In 1864, the Lowell Daily Courier reported that "all the cotton manufactories of any importance in this city have been quiet as the grave."
The outbreak of the Civil War severed the supply of slave-produced cotton. Many of Lowell's corporations gambled on a short conflict, sold their raw cotton inventory at a large profit, and temporarily closed or rebuilt their aging mills.
Suffolk Mills, later renamed Wannalancit, in front of you, and the now demolished Tremont Mills, both reduced production to small quantities of woolen goods while enlarging their factories.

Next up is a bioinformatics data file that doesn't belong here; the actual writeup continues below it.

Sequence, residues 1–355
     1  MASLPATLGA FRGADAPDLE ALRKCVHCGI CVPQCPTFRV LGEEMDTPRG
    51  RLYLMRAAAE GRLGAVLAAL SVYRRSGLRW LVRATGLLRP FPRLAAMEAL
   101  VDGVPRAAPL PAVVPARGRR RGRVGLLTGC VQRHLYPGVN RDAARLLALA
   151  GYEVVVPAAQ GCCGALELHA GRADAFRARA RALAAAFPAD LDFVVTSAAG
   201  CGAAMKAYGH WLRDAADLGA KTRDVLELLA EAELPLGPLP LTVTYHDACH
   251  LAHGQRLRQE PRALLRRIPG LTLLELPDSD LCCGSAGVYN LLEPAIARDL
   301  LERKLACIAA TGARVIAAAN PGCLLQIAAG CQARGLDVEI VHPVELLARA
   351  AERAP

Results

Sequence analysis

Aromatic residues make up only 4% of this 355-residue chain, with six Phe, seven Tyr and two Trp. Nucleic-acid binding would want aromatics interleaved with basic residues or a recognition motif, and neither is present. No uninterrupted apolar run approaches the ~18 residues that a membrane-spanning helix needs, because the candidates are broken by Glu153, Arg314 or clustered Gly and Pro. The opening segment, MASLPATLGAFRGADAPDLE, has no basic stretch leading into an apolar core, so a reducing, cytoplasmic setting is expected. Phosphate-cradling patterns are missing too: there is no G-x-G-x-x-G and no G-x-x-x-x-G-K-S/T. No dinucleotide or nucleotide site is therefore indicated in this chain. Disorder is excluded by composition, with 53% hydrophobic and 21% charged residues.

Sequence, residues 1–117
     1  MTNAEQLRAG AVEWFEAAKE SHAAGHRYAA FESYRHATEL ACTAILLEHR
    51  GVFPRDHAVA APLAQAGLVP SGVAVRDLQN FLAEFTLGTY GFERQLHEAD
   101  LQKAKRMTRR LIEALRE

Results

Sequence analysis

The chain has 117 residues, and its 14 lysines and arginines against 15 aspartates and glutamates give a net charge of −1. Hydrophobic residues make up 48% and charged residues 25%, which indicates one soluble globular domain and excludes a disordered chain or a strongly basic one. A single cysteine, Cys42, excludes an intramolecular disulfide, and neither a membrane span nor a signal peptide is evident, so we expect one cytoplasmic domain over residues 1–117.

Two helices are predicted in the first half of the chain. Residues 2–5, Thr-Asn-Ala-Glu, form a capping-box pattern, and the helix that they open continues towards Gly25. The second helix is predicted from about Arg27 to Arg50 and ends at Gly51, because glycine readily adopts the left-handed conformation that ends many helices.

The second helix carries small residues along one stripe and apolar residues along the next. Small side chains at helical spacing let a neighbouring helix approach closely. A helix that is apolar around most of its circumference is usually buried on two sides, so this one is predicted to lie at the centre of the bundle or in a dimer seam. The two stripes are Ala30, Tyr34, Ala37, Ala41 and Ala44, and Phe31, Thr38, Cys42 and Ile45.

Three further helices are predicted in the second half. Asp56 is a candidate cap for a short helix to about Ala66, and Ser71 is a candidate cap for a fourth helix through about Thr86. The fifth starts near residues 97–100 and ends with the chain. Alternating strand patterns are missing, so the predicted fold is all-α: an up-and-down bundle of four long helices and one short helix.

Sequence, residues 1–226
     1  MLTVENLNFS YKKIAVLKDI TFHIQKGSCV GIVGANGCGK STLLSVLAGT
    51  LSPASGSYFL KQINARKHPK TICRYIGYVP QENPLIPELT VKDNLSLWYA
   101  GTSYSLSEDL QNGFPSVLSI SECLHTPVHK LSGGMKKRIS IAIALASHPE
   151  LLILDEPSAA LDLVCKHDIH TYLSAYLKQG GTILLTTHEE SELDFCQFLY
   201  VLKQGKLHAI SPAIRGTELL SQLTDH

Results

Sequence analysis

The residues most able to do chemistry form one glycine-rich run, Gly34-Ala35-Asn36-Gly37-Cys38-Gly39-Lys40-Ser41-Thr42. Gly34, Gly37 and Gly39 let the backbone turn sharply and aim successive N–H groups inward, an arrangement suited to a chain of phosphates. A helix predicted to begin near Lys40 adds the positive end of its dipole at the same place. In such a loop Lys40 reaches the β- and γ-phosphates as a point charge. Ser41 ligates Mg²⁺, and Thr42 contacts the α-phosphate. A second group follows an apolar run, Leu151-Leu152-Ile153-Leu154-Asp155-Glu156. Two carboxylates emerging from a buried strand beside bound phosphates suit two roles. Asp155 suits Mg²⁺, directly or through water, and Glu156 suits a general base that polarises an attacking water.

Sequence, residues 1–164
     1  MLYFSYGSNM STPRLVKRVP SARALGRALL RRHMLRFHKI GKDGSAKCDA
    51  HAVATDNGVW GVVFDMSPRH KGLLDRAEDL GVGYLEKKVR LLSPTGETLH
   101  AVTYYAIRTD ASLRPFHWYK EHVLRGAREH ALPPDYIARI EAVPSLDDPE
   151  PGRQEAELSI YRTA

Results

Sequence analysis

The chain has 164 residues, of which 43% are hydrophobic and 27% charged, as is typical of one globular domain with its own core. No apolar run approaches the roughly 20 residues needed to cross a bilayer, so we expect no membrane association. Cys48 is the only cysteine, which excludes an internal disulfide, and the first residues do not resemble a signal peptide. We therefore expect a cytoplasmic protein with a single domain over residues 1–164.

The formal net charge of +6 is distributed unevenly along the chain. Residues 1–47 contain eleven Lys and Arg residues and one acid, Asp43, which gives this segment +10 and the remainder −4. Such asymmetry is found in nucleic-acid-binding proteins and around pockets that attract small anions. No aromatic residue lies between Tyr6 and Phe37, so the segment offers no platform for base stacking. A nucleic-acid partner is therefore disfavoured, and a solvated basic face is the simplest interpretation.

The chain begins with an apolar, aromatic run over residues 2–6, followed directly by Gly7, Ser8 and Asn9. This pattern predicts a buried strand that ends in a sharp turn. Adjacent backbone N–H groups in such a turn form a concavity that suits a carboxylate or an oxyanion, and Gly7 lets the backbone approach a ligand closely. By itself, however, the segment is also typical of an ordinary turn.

Some workers found employment on mill construction crews. But when it became clear that the war would not end quickly, many returned to their rural homes or moved to other cities, causing a costly shortage of trained operators when the mills reopened.
[Photo captions read]
· Slave-produced cotton was sent from ports like Charleston, South Carolina, (shown here in the 1850s) aboard clipper ships to textile centers in New England, Britain, and Europe.
· African-American slaves prepared cotton for the gin, (right) at Smith's plantation, Port Royal, SC 1862